Turkey Pulse

Palestinians Doubt Erdogan Will Visit Gaza

Article Summary
Palestinian Ambassador to Ankara Nabil Maarouf doubts whether Turkish Prime Minister Recep Tayyip Erdogan will visit the West Bank or Gaza any time soon, writes Tulin Daloglu.

Although Turkish Prime Minister Recep Tayyip Erdogan made the Palestinian issue his vehicle to move Turkey closer to its Muslim neighborhood, and earned an unprecedented popularity on the Arab street like no other Turkish leader, he may be risking for the first time losing the support of at least a part of the Palestinian population if he chooses to travel to Gaza toward the end of May, before the Palestinian rift between Fatah and Hamas can be reconciled. And it seems the chances of overcoming this separation by then are dim.

“Inshallah, this issue between Fatah and Hamas will be resolved soon,” Palestinian Ambassador to Ankara Nabil Maarouf said during an interview with Al-Monitor on Friday [April 19]. “Our main problem with Erdogan’s [announced potential] visit to Gaza [toward the end of May] is obvious: Is he going to be received in Gaza by Palestinian President Mahmoud Abbas? If Erdogan travels to Gaza before the reconciliation takes place, this means you’re enhancing the position of Hamas; you’re enhancing the separation. This will be like the visits of the prime minister of Malaysia, and the sheikh of Qatar.”

Maarouf told Al-Monitor that the Palestinian Authority had issued statements after each of those visits to Gaza “saying that this is helping the division, because the people of Hamas feel like they’re an independent entity. And this helps keep Gaza far from West Bank.” He went on to say: “When President Abbas met with [Turkish Foreign Minister Ahmet] Davutoglu in Doha during the Arab League Summit [March 26-27], we officially asked the Turkish government not to pay this visit to Gaza before the elections.”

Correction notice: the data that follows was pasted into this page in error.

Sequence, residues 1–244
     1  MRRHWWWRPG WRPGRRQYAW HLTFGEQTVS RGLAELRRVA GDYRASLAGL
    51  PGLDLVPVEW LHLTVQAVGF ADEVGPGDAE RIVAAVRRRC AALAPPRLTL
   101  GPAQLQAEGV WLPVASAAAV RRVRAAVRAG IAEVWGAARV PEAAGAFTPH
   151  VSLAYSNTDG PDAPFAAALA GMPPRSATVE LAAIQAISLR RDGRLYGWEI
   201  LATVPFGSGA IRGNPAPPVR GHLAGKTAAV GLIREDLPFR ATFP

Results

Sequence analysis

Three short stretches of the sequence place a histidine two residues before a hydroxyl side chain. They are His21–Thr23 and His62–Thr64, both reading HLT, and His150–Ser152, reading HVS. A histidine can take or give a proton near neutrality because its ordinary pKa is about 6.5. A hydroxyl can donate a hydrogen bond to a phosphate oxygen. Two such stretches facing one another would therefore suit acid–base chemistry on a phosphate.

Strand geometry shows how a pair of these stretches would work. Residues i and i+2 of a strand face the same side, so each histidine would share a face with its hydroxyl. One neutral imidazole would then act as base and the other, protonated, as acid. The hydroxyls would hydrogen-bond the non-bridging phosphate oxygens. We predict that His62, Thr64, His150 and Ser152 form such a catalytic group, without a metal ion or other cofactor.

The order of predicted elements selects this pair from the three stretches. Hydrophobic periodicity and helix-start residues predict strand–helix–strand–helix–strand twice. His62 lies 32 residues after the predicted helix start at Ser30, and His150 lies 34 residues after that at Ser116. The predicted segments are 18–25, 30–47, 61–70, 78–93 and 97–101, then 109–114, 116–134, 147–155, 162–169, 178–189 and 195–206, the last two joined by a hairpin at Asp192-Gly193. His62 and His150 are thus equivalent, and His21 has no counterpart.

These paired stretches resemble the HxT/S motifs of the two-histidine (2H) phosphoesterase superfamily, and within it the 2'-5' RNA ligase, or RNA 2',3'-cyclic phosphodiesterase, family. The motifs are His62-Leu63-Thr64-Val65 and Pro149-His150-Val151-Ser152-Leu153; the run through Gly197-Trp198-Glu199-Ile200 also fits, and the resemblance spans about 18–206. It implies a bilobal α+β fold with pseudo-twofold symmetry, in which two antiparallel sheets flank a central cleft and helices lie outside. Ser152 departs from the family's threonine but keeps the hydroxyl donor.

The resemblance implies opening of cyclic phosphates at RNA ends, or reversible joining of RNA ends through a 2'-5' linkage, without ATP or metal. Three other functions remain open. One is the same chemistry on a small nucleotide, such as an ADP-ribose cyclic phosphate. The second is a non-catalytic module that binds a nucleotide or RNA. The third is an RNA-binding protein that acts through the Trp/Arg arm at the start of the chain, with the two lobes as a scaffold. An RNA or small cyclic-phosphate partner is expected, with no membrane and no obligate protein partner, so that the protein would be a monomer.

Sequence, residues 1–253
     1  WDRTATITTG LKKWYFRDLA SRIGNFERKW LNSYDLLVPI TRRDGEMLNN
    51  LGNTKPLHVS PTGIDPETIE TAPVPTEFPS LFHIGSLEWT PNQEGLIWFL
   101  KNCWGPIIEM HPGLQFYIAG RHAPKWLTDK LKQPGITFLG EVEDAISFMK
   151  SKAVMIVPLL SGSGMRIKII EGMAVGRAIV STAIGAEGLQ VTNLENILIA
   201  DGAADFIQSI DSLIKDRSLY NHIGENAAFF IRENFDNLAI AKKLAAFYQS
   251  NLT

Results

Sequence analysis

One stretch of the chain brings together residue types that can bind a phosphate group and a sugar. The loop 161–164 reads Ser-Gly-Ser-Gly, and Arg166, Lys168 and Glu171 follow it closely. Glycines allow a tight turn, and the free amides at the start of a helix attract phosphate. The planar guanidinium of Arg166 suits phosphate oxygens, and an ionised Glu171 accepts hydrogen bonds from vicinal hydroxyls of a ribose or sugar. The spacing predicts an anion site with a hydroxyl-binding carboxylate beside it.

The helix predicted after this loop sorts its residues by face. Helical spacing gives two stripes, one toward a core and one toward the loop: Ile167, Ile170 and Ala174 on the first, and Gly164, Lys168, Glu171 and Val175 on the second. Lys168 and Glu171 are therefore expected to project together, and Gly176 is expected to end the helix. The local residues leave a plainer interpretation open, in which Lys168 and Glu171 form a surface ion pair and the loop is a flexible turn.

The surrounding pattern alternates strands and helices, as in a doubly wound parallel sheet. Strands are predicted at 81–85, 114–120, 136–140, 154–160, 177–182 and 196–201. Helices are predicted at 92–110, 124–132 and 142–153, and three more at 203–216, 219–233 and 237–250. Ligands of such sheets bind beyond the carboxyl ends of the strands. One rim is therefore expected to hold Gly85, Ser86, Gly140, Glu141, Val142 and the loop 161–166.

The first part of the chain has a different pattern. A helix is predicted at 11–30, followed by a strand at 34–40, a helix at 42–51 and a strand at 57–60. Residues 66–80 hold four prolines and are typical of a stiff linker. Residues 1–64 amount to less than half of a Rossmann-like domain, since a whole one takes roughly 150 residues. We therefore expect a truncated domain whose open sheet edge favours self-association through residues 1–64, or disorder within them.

The elections the ambassador referred to are about a comprehensive deal that Fatah and Hamas are working together on to overcome their differences. “Our request is only one thing. President Abbas wants to hold elections. If Hamas wins the elections, let them also take over the West Bank. We don’t mind.” Maarouf also told Al-Monitor, “When Hamas agrees to implement the decisions taken in Doha and Cairo, President Abbas will confirm the new united government all [composed of] technocrats, and they will have two tasks: to hold elections in 90 days and to start reconstructing Gaza.”

While saying that Hamas leader Khaleed Meshaal has been in favor of reconciliation for the past two years, Maarouf also talked about those in Gaza who are against reconciliation. “Those who are from Hamas in Gaza are not in favor of reconciliation for lots of reasons. The main reasons are that they’ve been controlling Gaza for seven years. So they don’t want to share power with anybody else,” he said. “They prefer to create an Islamic entity. Another reason is that a lot of people were killed during the fight between Fatah and Hamas in 2006 and 2007. We’re still a tribal society. People are quiet for now because Hamas is [currently] strong in Gaza. But if the Gaza regime changes, these people are going to ask what happened to their fathers, brothers or husbands. They are also against reconciliation for this reason because they don’t want to deal with that moment.”

Maarouf said the Erdogan government had maintained a balance in its relations with President Abbas and Hamas. “President Abbas travels to Turkey at least three times a year, and he addressed the Turkish parliament quorum twice,” he said. “But when Hamas Prime Minister Ismail Haniyeh visits him at the parliament, Erdogan introduces him only at his party’s parliamentary group meeting.”

“The Turkish government is always talking with us and asking us to be united. They say, if you’re united, you will be stronger in facing the Americans and the Israelis,” Maarouf told Al-Monitor. “So, the Turkish government’s approach is always in favor of unifying Palestinians. But it has not yet worked not because of Turkey, but because of Israel.”